Imagine the last time you were trying to communicate with someone and either they could not understand what you were trying to say, or you could not understand what they were. Perhaps you were talking to a doctor or lawyer, or my least favorite an insurance representative. Think back to your emotions, likely frustration, anger, annoyance, etc.
As adults communicating with children can be difficult. Even though we once were a child we often forget how it feels to not always be able to have the words to express ourselves. The fact you clicked on this post tells me that one of these two scenarios will ring true with you:
At the time of writing this blog I had a 20 month old little boy...at this stage he was starting to find words, but with a limited vocabulary he often got frustrated and threw a bit of a tantrum. This was his way of expressing his emotions.
On the flip side I have also been watching as my oldest niece enters the teenage years. She is a great girl, but often gets frustrated (aka rolls her eyes or makes a smart aleck comment) with her parents because “I feel like no one gets it” because “mom and dad are just so old they don’t understand.”
Does that sound familiar? Children are amazing little humans and if given the right support and resources, figure out a way to succeed in life. Here are 3 ways to improve your communication today with any child.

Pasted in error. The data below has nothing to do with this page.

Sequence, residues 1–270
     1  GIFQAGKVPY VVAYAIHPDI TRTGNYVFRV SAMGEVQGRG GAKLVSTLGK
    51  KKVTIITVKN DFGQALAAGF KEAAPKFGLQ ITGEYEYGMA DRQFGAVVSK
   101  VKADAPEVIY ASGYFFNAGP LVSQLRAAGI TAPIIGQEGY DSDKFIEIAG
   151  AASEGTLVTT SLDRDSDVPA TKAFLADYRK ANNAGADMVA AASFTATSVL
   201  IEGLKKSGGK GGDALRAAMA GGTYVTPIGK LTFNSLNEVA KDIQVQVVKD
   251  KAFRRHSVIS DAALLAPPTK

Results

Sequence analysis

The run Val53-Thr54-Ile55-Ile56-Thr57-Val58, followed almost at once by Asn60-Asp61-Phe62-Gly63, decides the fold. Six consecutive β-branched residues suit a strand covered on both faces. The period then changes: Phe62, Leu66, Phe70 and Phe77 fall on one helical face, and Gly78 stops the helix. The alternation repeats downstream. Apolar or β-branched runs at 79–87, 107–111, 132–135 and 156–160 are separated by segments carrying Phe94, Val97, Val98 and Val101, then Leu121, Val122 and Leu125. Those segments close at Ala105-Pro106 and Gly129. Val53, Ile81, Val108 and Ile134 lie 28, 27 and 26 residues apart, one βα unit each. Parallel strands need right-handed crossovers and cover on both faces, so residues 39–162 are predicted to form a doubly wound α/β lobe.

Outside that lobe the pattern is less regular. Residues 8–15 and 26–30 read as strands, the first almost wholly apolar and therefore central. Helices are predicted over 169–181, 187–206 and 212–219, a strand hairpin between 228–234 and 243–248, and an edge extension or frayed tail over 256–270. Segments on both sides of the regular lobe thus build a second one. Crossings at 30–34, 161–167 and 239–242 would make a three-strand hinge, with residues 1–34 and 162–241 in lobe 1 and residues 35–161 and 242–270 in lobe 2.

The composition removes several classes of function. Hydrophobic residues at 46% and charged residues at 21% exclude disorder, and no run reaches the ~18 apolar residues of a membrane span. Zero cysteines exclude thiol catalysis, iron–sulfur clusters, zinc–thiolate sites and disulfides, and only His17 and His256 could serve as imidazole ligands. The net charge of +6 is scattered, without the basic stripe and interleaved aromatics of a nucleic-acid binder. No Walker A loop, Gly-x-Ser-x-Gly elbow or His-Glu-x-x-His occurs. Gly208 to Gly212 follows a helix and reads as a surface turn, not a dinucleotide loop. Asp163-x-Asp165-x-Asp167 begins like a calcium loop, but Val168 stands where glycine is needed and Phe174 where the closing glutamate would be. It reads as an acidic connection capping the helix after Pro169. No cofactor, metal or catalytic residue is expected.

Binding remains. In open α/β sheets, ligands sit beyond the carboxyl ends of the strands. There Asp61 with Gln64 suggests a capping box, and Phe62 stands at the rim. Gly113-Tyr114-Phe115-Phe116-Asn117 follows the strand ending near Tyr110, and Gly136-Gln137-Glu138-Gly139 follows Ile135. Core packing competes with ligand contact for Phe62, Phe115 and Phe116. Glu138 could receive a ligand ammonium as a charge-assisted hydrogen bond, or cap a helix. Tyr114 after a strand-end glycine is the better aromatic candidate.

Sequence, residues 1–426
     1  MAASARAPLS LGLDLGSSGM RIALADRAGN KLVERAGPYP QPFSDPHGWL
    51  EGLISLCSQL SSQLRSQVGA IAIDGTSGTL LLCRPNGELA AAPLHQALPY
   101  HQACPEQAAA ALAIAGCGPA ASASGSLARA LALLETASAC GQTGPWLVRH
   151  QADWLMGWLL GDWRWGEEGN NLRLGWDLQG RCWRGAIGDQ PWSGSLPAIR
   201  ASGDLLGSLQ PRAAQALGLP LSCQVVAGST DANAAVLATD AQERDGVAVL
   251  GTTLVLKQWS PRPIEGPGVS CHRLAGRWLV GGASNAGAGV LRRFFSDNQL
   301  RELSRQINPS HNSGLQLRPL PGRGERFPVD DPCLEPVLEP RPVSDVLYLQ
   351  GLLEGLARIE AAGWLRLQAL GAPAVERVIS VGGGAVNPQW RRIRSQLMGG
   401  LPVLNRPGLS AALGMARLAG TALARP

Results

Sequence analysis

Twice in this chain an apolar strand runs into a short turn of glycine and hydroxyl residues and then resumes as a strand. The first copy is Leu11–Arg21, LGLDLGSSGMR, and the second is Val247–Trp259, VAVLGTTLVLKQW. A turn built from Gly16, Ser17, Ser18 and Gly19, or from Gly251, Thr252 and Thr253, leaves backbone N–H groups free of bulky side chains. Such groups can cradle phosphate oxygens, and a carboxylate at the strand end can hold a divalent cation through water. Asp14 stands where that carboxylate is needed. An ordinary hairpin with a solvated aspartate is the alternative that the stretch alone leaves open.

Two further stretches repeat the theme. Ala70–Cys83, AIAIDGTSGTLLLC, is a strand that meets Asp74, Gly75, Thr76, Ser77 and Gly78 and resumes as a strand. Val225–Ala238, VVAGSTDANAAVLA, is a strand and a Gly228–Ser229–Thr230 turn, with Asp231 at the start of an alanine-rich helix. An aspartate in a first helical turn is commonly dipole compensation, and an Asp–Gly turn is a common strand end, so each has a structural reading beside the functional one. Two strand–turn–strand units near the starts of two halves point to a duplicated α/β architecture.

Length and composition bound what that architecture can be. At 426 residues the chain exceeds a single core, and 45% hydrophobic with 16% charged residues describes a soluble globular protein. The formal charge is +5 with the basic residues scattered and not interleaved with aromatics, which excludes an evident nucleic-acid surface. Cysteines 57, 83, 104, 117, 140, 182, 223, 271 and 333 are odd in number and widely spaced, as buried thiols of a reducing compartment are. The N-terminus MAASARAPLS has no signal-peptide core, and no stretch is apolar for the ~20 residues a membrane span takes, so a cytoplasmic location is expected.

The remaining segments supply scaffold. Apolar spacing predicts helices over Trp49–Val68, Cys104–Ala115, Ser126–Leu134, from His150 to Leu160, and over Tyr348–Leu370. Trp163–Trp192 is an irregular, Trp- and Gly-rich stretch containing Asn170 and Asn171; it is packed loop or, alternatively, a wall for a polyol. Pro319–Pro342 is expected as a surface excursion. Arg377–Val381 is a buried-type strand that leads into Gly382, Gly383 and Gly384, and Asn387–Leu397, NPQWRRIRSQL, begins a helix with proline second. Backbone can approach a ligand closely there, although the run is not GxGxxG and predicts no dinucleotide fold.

1: Show Empathy and understanding
Help your child to understand that you know what they are going through, despite never having gone through EXACTLY what they are going through. Find the emotion that is coupled with their experience (i.e. sadness, frustration, anxiousness) and relate to them a time when you felt that emotion. It helps them to connect to you and provides hope that it won’t last forever and they can get through whatever they are experiencing.
2: Ask open-ended questions
When you ask YES or NO questions, children will respond with YES or NO answers. Asking questions like “tell me your favorite part of your day” rather than “How was your day?” This helps them to know that you are interested in them and what they have going on in their life and provides room for them to tell you what is happening. Be kind in your responses back to them. And be CURIOUS, don’t expect the answer you always want, if you ask about the favorite part of their day, ask follow up questions to help you understand why that was their favorite part. Avoid putting them down if you thought it should have been something else.
3: Give them your time and undivided attention
In an ever growing, very busy world where it seems like more and more demands are placed on us (or rather we place on ourselves) children need to know that they are loved and that they are special to us. When we devote a few minutes each day to each child individually, it helps reinforce to them that they mean something to us. If we talk to them while doing other tasks, or being distracted by phones, TVs, other people, it sends the message that “I am not important enough to mom and/or dad.” Give them direct eye contact and your undivided attention to help them know that you love, accept, and respect them.
Children want to know they are important and that they matter to their parents and in their family. The more you can communicate that to them without criticism or defensiveness, the more open and honest your communication can be with them. If you feel like you could use some help connecting closer with your kids you can get in touch with one of our therapists by clicking the button below: